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There is a word in , , that means “one who loses his sibling”. “I don’t think any other language — , — has a word for this relationship,” says linguistics professor . When she told her Great Andamanese informants this fact, they were perplexed. They asked, “Don’t you love your sister or brother?”

Raupuch is one of just a few thousand words in the Dictionary of the Great Andamanese Language, the first and only full compendium of this near-extinct group of languages from the Andaman Islands. It was painstakingly compiled over four years by Abbi, who teaches at in Delhi, and will be published next month by .

The book captures not only words but also slices of the Great Andamanese universe and way of thinking. There are now just over 50 surviving Great Andamanese, in the town of Port Blair or on tiny Strait Island a few hours away by boat. They no longer speak pure Jeru or any of their other languages; for everyday use they have a creole of various tongues, or a local version of Hindi. This is why Abbi’s dictionary is a work accomplished in the very teeth of history.

Any later, and she might have missed Bo. The last speaker of this ancient language — its roots lie 70,000 years in the past — was Boa Sr, who died in January 2010 aged about 85. Boa Sr’s voice can be heard in recordings made by Abbi and saved on her website, www.andamanese.net.

An early section in the dictionary recounts the effort it took. Abbi and her students crossed crocodile-filled water, ran for their lives ahead of incoming tides, braved biting and stinging creatures, not excluding the obstructive babus of Port Blair, to meet the tribes on their home ground. (Tourist operators seem to have no trouble getting access to restricted areas, Abbi says.)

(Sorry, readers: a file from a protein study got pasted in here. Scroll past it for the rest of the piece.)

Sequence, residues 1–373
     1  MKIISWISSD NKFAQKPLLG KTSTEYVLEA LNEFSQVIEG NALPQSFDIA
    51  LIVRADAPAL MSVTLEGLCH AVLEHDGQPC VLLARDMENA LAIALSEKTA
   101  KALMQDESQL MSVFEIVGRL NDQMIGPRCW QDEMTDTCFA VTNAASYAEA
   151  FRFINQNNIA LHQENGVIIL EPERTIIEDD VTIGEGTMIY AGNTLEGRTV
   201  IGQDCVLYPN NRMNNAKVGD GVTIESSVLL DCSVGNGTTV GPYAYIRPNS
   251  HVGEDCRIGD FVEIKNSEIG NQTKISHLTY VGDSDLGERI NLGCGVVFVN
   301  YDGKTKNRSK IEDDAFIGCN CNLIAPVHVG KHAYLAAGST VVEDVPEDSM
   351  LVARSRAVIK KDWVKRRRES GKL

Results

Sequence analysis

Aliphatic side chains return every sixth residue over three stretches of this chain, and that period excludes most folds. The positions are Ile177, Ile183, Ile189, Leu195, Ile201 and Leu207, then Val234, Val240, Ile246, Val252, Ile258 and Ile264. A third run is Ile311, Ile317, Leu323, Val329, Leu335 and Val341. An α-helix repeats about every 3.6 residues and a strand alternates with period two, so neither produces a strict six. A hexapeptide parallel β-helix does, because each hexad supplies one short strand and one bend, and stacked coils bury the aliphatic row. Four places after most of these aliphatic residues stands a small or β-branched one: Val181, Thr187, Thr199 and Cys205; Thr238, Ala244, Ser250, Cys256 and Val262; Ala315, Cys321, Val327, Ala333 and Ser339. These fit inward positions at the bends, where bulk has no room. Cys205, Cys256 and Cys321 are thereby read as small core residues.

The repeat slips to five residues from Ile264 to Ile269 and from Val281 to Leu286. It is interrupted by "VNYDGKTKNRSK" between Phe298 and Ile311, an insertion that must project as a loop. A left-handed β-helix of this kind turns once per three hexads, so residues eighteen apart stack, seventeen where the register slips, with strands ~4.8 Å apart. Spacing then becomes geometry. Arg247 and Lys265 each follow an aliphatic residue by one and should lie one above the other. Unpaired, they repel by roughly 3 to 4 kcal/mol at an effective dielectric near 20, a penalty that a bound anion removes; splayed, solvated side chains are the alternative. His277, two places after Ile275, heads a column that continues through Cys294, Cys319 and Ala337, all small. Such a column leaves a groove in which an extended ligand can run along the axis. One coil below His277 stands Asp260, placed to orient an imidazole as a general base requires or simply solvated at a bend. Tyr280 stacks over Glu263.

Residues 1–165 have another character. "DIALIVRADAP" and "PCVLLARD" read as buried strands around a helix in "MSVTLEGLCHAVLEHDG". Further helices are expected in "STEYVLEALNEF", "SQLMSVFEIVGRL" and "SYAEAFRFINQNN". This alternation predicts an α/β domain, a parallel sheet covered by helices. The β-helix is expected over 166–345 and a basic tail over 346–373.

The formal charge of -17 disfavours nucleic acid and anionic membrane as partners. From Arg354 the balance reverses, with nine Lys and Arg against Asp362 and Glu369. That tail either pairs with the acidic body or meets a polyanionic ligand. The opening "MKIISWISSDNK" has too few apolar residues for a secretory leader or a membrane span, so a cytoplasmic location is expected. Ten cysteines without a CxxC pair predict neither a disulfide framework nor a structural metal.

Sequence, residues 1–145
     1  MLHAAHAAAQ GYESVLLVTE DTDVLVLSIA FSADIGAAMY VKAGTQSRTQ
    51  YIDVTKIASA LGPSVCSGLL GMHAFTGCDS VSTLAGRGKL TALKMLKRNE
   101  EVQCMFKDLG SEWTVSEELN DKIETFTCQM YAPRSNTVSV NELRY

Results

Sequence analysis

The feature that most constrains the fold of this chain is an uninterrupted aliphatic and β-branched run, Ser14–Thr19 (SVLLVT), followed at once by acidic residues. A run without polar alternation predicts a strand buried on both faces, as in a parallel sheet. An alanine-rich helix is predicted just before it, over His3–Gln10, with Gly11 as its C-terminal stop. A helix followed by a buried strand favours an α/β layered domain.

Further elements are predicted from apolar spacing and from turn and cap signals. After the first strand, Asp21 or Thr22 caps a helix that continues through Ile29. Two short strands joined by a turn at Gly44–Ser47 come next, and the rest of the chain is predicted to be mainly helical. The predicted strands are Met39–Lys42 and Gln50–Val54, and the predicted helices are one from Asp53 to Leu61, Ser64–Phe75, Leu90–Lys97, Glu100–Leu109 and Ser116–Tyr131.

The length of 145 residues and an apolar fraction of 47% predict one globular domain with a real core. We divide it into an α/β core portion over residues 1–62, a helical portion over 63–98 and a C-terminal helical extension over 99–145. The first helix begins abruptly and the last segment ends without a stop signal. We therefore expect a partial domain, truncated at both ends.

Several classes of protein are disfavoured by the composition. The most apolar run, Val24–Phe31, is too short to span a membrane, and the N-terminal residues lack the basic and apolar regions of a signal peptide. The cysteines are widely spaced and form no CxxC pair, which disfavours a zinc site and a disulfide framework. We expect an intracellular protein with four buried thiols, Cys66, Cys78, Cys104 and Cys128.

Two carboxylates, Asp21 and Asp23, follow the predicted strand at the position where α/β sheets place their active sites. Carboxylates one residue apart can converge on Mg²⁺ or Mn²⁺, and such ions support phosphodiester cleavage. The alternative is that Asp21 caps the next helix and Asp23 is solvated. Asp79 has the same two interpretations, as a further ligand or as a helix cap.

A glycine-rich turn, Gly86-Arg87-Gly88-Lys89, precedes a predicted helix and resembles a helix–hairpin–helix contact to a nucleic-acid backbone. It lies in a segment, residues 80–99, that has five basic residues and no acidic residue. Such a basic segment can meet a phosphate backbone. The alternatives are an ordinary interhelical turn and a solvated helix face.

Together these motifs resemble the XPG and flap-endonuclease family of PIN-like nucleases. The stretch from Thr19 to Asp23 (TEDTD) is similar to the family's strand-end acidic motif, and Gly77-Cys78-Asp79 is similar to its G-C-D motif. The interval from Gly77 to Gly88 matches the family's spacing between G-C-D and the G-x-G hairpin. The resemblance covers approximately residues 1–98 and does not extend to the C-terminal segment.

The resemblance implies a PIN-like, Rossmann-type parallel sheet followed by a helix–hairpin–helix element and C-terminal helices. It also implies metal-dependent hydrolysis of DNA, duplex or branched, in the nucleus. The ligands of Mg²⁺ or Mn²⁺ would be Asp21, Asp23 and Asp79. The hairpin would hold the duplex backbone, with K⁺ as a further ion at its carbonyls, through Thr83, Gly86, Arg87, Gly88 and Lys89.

This despite the fact that the Great Andamanese have been “mainstreamed” and are much more accessible than, say, the Jarawas. In a fit of altruism in the early 1970s, the administration shifted the remaining population of Great Andamanese onto Strait Island. The state built huts and hands out food and a dole.

The population and self-respect of the tribespeople collapsed. “Their culture was hunting and gathering,” says Abbi to me. “We have completely taken them off from their environment.” One result, as she writes, is that the language ceases to be useful. “As the transmission of a language to the younger generation ceases, the loss of the language leads to the loss of beliefs, values and knowledge.” It is a vicious circle. The same thing is now happening to the Jarawas.

Give a maxi dress to a Jarawa, says Abbi, as seen in the ugly tourist video now in the news, and she will need soap to wash it. Where will money to buy that soap come from? A few years ago, she says, one man was given a T-shirt. “He did not know it was not skin,” so he never took it off. He fell ill and developed eczema. “It is an economy for which they are not yet ready.”

Boa Sr in the last years of her life had nobody to speak with in her own language. Abbi says she told her, “‘Madam, everything is finished.’ She was very sad. She could see the decline and the ruin of her own community in front of her eyes.”

Stop a moment to consider this: imagine the weight of your ancestors, two thousand generations or more, looking down upon you, knowing that after you, they go forever. There is a little hope, as Abbi writes: “As we motivated [the tribespeople] to go down memory lane and converse about topics such as hunting, naming a child and boat-building, which they had forgotten, a stage was reached when they realized that their language was being revived somewhat.”

Apart from the dictionary, Abbi has co-written a book on the bird knowledge of the Great Andamanese, an alphabet book for children, and the first of a series of 10 illustrated folk tales is just out from the National Book Trust. I wish her luck and success in every grant application.


rrishi.raote@bsmail.in  

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